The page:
The English Legal System has four main civil courts that hold civil jurisdiction; the County Court, the High Court, the Court of Appeal and the House of Lords. There are other smaller civil courts that have some jurisdiction for example the magistrate’s court and the European Court of Justice which sets precedent for all the courts. However, the magistrate’s court has a very small amount of civil jurisdiction. They are the ones responsible for granting licenses to pubs or other outlets. They have jurisdiction over domestic matters like adoption or matrimonial matters. The magistrate usually goes for some training so that they can handle these cases. The appeals are usually taken to the high Court, family division. Magistrate’s court deals with criminal and civil cases. The cases are dealt with by District Judges who receive some payment or justices of peace who are not qualified (Taylor 1999). The magistrate court deals with limited number of civil case.
The county court usually deals with civil cases dealt with a judge. Any case can be started in any county court. It may also be transferred to the defendant’s local court. All claims from regulated credit agreements are to be started in the county court. The county court deals with a number of cases. Examples include; landlord tenant issues, consumer disputes, personal injury claims (injuries caused due to negligence). Ned Flanders can sue the college from this court. It also deals with undefended divorce cases and proceedings aimed at ending registered civil partnerships. It deals with employment problems, debt problems, discrimination cases, domestic violence cases, and race, sex and disability discrimination cases (Keane 2008).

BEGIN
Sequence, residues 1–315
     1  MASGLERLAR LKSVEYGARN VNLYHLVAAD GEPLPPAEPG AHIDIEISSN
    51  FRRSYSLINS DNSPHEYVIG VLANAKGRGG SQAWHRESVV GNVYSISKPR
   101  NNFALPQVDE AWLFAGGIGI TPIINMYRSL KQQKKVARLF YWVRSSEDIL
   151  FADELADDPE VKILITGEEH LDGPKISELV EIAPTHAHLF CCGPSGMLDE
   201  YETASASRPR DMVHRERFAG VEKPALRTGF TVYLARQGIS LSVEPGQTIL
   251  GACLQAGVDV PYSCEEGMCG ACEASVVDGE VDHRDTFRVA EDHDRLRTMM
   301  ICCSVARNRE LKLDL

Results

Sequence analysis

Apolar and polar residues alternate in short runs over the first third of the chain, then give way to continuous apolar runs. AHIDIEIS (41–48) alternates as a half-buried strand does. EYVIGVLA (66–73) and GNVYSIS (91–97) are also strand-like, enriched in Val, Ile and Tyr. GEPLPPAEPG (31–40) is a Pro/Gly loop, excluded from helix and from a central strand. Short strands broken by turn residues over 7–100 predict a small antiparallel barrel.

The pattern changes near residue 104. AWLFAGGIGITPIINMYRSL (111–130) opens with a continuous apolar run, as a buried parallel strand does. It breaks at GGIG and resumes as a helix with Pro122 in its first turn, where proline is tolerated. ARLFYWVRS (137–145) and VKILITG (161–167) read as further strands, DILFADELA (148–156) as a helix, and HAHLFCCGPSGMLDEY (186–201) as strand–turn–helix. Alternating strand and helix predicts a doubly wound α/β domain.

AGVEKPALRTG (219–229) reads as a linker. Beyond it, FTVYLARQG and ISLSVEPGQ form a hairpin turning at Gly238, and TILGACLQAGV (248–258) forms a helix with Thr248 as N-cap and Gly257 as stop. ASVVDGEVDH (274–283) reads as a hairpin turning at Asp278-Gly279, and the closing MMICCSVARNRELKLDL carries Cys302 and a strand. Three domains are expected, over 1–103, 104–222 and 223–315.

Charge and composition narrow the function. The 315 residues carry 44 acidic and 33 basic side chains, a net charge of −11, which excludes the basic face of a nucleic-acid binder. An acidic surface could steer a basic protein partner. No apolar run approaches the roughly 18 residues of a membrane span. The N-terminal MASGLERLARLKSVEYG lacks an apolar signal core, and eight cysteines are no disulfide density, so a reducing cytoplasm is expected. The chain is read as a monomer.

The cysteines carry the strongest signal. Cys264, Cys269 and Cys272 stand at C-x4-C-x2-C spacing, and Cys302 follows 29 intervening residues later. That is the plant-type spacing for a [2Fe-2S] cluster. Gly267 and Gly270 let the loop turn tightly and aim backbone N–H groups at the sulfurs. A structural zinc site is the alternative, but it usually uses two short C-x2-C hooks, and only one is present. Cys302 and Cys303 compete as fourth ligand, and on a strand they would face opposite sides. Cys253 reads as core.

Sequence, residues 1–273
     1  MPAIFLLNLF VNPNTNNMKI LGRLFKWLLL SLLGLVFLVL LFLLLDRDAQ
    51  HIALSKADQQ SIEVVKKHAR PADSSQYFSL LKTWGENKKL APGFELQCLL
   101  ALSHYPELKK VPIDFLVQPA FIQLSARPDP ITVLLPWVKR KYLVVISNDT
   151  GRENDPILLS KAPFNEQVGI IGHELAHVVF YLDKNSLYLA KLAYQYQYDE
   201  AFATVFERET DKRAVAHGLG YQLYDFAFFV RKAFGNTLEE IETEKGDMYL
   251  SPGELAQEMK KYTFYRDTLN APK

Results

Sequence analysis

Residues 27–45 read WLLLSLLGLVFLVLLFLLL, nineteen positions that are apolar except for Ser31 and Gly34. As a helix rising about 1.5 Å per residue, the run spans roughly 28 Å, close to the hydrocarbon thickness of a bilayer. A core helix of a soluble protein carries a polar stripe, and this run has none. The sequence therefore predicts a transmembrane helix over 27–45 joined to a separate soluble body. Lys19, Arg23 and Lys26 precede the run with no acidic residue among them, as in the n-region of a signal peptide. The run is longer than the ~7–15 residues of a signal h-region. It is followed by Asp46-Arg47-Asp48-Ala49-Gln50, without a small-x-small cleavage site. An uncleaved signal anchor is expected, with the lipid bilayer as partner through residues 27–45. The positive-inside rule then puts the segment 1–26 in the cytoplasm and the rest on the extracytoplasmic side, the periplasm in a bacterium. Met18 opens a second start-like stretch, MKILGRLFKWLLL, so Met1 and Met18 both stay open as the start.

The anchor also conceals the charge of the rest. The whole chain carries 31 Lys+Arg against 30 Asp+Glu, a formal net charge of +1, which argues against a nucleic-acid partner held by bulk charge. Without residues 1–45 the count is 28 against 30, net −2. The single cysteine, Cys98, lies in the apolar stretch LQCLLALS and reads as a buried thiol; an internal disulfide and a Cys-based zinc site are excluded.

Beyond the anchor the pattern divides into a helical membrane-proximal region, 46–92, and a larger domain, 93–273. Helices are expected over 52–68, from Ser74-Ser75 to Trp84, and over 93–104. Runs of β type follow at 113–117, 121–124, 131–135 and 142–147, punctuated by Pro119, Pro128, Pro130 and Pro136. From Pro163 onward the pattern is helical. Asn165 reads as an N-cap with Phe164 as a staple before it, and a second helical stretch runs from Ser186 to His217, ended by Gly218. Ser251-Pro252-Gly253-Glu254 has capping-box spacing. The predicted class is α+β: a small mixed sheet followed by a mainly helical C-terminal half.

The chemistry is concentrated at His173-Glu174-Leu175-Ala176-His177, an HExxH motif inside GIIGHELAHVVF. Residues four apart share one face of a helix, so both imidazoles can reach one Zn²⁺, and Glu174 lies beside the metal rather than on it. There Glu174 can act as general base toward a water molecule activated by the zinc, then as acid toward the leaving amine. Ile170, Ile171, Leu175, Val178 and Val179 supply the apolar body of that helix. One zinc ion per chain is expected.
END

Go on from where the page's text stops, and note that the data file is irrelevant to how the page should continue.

A case, if defended, is dealt in one of the following three ways the court has to decide the procedure to be applied and then allocate it to the corresponding track. The tracks include: the small claims track, the fast track and the multi-track. The small claims track is for claims with a value of 5,000 pounds or less. Ned’s case can apply the small claims track since it is of less value. The procedure here is simpler than in the other tracks. In most cases the losing party doesn’t have to pay the cost of the other party.
The crown court deals with cases that are serious criminal offenses which are tried by a jury and a judge. It receives appeals from the magistrate’s court which are then dealt with by a judge and not less than two magistrates. It also deals with convictions in the magistrates’ court being referred to the crown court for sentencing. Its fines and imprisonment are more severe than those in the magistrates’ court. The high court on the other hand deals with civil cases and has the power to review the actions of entities to make sure they acted legally and justly. The high court comprises of three divisions.